Nama faces possible investigation into sale of Project Tolka
Comtroller and Auditor General considering an inquiry into details of €455 million deal
Nama is obliged to get the best value possible for taxpayers when it is selling property or assets. Photograph: Alan Betson
Nama is facing the prospect of an investigation into a €455 million deal where a number of those who owed the agency money played a part in selecting bidders for the loans that it sold.
The State’s financial watchdog, Comptroller and Auditor General (C&AG) Séamus McCarthy, is considering whether to examine Nama’s sale of loans due from developers including John Flynn, Paddy Kelly and the McCormack family, to US-based Colony Capital for €455 million earlier this year.
The office confirmed that it is weighing whether to examine the sale, known as Project Tolka, as part of a regular review of Nama’s operations under that sections 226 of the Act establishing the agency.
If the C&AG does scrutinise Project Tolka, it would be his second review of a Nama deal. A report by his office into the agency’s sale of its Northern Ireland loans to US company Cerberus for €1.6 billion led to a Dáil Public Accounts Committee inquiry which found that the process was “seriously deficient”.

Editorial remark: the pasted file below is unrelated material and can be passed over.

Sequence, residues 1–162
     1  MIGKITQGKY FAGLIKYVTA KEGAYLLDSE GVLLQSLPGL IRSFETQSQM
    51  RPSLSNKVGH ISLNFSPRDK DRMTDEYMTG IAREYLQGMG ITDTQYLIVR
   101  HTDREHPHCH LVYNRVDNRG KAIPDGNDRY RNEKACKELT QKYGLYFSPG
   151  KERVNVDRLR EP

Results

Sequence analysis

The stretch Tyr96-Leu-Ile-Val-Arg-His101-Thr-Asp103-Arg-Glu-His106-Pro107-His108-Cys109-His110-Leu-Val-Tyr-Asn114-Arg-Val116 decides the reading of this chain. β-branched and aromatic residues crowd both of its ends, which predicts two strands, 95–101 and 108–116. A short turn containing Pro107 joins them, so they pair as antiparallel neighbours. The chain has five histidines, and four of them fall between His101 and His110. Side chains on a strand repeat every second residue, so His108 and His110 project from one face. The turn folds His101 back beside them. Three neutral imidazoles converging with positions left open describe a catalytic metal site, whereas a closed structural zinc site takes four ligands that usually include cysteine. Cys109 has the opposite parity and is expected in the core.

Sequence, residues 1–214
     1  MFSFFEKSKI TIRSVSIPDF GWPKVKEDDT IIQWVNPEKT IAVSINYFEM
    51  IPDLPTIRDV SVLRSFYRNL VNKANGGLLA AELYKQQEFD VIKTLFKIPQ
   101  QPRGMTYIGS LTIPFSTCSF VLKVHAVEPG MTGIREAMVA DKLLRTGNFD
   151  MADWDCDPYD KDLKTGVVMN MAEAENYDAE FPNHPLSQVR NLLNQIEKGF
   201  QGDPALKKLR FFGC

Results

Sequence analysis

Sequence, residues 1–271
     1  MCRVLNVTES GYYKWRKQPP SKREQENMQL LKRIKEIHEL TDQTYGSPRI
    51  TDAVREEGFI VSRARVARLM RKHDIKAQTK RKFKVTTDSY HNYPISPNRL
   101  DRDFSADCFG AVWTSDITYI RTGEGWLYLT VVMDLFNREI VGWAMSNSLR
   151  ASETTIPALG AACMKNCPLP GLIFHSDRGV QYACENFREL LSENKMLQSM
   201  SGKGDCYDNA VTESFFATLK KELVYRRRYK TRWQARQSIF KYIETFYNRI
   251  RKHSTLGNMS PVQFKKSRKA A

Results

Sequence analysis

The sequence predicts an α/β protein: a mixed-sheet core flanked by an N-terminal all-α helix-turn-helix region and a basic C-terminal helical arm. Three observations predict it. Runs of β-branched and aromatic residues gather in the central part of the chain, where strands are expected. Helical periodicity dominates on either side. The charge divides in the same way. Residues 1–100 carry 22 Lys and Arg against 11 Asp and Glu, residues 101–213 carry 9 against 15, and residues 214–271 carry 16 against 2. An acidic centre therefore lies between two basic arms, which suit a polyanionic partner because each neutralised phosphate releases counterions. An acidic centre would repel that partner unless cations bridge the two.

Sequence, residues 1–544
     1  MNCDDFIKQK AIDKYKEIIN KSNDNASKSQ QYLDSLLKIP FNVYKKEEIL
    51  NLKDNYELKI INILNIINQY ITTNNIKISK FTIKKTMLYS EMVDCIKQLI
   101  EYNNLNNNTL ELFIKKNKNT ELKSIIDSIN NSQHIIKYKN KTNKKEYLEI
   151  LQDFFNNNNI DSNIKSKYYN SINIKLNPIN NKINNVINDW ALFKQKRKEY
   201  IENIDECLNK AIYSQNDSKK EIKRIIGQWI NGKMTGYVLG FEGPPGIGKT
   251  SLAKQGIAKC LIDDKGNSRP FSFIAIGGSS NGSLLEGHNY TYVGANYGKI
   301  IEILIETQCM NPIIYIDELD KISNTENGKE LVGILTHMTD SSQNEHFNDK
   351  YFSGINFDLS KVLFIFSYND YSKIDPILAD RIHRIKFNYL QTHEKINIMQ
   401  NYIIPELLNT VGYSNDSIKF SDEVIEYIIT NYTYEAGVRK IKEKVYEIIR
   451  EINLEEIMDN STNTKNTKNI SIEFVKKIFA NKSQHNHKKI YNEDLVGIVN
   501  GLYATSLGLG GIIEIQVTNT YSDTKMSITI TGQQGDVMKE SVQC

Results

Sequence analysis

Project Tolka prompted a series of questions when it emerged that it was not done on the open market, which is Nama’s normal policy. Instead, the agency followed a recommendation from its advisor, UK firm Eastdil Secured, that a closed process would result in a better price. Nama is obliged to get the best value possible when it sells loans or properties.
Shortly after the sale went through, the Minister for Finance, Michael Noonan, told the Dáil that following the advice of its lawyers and Eastdil, Nama agreed a list of nine potential bidders for the assets with some of the 186 debtors whose loans were included in Project Tolka.
Responding to questions from Fianna Fáil finance spokesman, Michael McGrath, the Minister said that once the auction got under way, bidders were barred from contacting debtors without Nama’s written consent.
“I am advised that no such consent was sought,” Mr Noonan added.
The debts were secured on high-profile commercial buildings such as the Burlington Plaza office complex in central Dublin and the Clarion Hotel in Liffey Valley. The fact that the price was a 70 per cent discount to the actual value of the loans themselves also sparked questions about the transaction.
Nama and its advisors feared that a sale on the open market could have left buyers at risk of legal action from debtors. There were problems with title to properties against which some loans were secured. At the same time there was a large number of debtors involved because syndicates and partnerships owned several of the buildings.
An agency spokesman pointed out that the C&AG was carrying out his section 226 review and it was open to him to look at Project Tolka or any other transaction.
Fianna Fáil TD, John McGuinness, said that it was a question of whether or not taxpayers got value for money.
“The C&AG has insight into this and has decided that this deserves to be investigated,” he argued. “I have no doubt that there are going to be more investigations.”